Northwestern Medicine scientists have found a new molecular mechanism underlying the regulation of the immune system in the gut, which may protect against bacterial infections.
In a study recently published in The Journal of Immunology, scientists uncovered a new role for transcription factor Ikaros. Ikaros plays a crucial role in gene expression and moderates the function of T-cells, a type of immune cell. This paper is the first to show the transcription factor regulating T-cells and its creation of protein IL-22 in the gut.
“Targeting this transcription factor allows us to find new ways to control the gut immune response,” said Liang Zhou, MD, PhD, assistant professor in Pathology and Microbiology-Immunology and a member of the Robert H. Lurie Comprehensive Cancer Center, Pew Scholar and Burroughs Wellcome Fund Investigator. “IL-22 is important to fight infection and for gut immunity, but if you produce too much of this protein, it causes inflammation and can lead to autoimmunity problems. We are trying to understand the balance of IL-22 production. We believe that the transcription factor Ikaros may function as a key factor to regulate this balance.”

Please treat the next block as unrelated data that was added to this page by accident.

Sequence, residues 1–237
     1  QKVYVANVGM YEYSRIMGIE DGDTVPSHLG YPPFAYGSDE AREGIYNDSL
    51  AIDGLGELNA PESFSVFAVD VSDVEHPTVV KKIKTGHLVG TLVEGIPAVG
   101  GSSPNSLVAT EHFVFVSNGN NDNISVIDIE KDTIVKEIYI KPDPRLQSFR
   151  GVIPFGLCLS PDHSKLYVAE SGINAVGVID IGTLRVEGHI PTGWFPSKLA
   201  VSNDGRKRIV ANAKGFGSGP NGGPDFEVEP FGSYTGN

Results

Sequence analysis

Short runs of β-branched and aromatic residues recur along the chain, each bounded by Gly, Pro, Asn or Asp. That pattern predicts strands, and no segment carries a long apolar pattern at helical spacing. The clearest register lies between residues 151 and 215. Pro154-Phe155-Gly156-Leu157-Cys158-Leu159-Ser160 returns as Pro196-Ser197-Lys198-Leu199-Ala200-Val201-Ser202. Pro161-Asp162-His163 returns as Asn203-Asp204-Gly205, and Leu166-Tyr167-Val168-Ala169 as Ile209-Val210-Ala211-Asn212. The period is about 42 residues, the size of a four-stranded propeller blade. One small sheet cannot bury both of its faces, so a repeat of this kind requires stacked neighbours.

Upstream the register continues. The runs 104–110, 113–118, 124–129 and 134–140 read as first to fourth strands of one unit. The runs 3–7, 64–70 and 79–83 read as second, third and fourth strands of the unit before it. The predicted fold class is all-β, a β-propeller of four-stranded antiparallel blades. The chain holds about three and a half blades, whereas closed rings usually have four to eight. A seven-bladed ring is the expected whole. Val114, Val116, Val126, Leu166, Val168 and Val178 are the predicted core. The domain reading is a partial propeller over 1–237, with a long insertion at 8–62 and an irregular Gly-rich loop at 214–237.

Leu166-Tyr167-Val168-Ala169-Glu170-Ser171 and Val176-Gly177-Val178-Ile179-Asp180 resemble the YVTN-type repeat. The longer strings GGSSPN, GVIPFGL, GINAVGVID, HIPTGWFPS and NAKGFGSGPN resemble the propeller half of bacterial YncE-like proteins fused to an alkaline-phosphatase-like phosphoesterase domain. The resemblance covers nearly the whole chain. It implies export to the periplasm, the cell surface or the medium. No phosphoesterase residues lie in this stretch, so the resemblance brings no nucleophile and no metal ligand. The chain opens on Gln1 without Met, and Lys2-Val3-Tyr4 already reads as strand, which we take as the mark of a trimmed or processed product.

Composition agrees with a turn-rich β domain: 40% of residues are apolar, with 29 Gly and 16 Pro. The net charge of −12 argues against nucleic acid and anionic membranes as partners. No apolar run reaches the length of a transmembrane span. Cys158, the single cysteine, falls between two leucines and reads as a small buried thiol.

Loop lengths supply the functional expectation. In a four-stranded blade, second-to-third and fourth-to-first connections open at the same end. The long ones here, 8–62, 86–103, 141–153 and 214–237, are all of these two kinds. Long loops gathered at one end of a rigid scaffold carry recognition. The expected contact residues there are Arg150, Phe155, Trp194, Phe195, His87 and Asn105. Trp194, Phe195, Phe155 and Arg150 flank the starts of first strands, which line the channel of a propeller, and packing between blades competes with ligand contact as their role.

Zhou hopes this research will contribute to the understanding of how to manipulate the immune response in a patient either to fight an infection or to address autoimmunity.
The team used genetic mouse models in addition to immunological assays to find the function of Ikaros. They demonstrated a new role for this transcription factor in inhibiting the IL-22 producing T-cells in in vivo and in vitro experiments. When Ikaros activity was blocked, scientists saw an increase in the production of IL-22, and the mice had a better immune cell response against bacterial infection.
Zhou previously discovered other factors that also regulate the creation of IL-22, so he hopes to investigate how these different molecules are communicating with each other to control the production of proteins in the immune response.
Next, Zhou’s team wants to learn how this regulation is achieved and ultimately identify a target for new treatments.
First author of the study is Jennifer Heller, ’14 PhD. The research was funded by the National Institute of Allergy and Infectious Diseases grants R01 AI089954 and R21 AI091962.